This week, we’re focusing on the legal issues impacting freelancers and gig economy workers, with the help of employment lawyer, Alexandra Monkhouse.
Topics: the impacts of coronavirus on the gig economy; the “Uber” case of unconscionability; the unionization of gig economy workers; and our Ask-Me-Anything segment about gig economy issues.
Full Episode (54:47) Download
– 8:17 – What does the rollout of the COVID19 government benefits tell us about the future of the gig economy?
– 18:17 – What is this Uber case that everybody has been talking about this summer?
– 23:14 – What can employers and employees do to ensure that their agreements do not contain unconscionable terms?
– 28:21 – What unionization options are available for gig economy workers?
– 37:02 – Our new Ask-Me-Anything segment, featuring five questions submitted by patrons of the Lawyered community
1. Improving Access to the CERB and CEWS Benefits (12:48) Download
2. The Test for an Unconscionable Agreements: An Uber-Important Matter (12:59) Download
– Uber Technologies Inc. v. Heller, 2020 SCC 16
3. Freelancers, Dependent Contractors and the Right to Unionize (11:35) Download
– Canadian Union of Postal Workers v Foodora Inc. d.b.a. Foodora, 2020 CanLII 16750 (ON LRB)
4. Ask-Me-Anything: “Gig Economy” Law (17:29) Download
- Is the gig economy sustainable and where is it going?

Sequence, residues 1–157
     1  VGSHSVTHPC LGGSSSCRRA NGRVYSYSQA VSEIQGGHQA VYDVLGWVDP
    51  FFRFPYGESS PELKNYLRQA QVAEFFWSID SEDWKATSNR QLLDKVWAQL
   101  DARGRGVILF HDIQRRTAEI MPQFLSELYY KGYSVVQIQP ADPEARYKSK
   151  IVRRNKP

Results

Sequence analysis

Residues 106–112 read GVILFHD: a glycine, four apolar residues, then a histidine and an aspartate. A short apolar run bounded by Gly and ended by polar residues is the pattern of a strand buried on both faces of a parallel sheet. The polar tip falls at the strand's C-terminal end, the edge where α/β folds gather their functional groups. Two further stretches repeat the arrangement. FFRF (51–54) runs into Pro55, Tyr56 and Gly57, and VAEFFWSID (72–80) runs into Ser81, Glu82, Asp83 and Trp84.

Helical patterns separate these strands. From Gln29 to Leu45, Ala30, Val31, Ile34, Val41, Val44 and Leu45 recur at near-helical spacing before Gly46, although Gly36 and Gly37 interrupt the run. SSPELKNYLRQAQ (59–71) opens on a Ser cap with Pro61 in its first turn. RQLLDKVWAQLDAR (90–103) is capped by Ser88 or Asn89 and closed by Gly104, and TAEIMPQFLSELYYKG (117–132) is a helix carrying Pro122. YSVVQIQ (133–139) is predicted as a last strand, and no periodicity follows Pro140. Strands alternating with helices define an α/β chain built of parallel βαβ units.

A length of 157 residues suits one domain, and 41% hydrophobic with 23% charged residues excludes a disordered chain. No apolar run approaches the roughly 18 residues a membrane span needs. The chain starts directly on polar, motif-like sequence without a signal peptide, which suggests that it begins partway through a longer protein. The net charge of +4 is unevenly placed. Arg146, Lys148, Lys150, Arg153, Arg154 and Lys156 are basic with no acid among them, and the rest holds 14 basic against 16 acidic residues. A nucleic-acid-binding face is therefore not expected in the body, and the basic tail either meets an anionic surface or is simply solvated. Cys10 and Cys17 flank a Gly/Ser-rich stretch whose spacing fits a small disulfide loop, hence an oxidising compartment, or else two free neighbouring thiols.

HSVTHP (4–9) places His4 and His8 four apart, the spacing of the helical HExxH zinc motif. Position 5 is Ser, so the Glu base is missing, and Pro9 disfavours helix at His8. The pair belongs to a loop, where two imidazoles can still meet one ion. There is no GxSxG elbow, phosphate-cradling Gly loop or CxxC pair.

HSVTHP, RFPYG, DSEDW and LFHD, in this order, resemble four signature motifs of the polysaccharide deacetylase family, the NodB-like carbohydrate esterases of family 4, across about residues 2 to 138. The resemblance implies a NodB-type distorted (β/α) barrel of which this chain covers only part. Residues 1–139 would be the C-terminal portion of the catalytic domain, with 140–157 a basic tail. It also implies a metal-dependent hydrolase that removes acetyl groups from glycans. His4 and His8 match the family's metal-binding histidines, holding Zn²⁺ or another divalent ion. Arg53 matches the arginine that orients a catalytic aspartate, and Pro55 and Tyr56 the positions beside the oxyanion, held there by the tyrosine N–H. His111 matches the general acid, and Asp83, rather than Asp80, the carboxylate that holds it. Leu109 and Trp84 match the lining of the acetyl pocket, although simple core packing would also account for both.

- How can gig economy workers protect themselves from the most serious legal risks?
- What legal issues arise when full-time employees are working on freelance side-hustles outside of their day job?
- What legislative change(s) could be made to create a more equitable work environment for gig economy workers?
- How do legal issues in this area differ between Canada and the US?
- What rights do freelancers have if they are unable to complete their work for quarantine-related reasons?
About the Guest:
Alexandra Monkhouse is a lawyer with Monkhouse Law practicing employment law, and general litigation with a focus on major claims and class actions. Prior to working at Monkhouse Law, she summered, articled and worked as an associate at Davies Ward Phillips & Vineberg LLP, one of Canada’s most prestigious law firms.
Alexandra attended Osgoode Hall Law School where she was in the top 10% of her class. Alexandra also holds a master’s degree in International and European Business Law from Paris Dauphine University, a bachelor’s degree in Civil Law from the University of Bucharest and a maîtrise in European Business Law from Pantheon Sorbonne University.
She is trained in conducting mediations and has been appointed by the government of Ontario to be on the roster of Toronto mediators for mandatory mediation. On the advisory side, Alexandra has successfully completed CPA Canada’s In-Depth Taxation Course.
Alexandra clerked for the Court of Appeal of Paris and interned with both Supreme Courts of France. She has also completed a traineeship with the European Commission in Brussels where she worked for Commissioner Michel Barnier. She has appeared numerous times at the Ontario Superior Court of Justice and also before the Supreme Court of Canada.